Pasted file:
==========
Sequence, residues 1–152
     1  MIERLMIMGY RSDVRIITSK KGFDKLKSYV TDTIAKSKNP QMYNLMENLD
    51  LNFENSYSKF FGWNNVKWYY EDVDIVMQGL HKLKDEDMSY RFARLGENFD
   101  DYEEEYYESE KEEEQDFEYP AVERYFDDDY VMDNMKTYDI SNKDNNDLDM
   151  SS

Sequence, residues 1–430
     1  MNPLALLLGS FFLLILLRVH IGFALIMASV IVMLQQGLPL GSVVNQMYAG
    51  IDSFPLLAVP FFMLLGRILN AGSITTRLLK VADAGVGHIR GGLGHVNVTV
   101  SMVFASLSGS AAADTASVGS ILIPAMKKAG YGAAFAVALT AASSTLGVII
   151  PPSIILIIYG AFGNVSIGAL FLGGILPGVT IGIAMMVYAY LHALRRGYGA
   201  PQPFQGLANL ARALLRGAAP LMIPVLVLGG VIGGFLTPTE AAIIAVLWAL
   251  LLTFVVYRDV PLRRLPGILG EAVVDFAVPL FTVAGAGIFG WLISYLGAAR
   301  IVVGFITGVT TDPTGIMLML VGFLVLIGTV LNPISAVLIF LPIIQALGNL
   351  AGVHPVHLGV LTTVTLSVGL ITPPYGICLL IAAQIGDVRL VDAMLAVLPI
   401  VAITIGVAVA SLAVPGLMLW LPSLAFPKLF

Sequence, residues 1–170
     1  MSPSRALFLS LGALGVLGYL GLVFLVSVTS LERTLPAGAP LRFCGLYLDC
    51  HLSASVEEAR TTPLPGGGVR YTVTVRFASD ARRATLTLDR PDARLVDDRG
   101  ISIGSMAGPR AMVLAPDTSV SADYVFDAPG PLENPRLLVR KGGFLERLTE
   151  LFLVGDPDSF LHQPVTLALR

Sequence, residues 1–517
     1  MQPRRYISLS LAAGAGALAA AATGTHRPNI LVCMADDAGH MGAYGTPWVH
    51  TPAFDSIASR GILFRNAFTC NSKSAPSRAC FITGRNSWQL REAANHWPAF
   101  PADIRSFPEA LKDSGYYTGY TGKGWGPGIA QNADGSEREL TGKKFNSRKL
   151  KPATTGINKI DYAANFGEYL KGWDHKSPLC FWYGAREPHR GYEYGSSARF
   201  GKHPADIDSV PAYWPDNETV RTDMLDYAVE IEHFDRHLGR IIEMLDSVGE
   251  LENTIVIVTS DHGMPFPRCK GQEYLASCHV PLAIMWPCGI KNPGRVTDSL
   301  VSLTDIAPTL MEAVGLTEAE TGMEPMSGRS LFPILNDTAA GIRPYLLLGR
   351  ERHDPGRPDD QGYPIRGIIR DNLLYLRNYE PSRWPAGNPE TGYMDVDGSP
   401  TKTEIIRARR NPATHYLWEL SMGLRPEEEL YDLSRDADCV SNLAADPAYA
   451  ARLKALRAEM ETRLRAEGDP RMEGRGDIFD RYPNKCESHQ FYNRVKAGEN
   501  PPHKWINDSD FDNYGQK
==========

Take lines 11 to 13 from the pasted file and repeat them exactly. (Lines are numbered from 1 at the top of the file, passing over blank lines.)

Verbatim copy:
   201  PQPFQGLANL ARALLRGAAP LMIPVLVLGG VIGGFLTPTE AAIIAVLWAL
   251  LLTFVVYRDV PLRRLPGILG EAVVDFAVPL FTVAGAGIFG WLISYLGAAR
   301  IVVGFITGVT TDPTGIMLML VGFLVLIGTV LNPISAVLIF LPIIQALGNL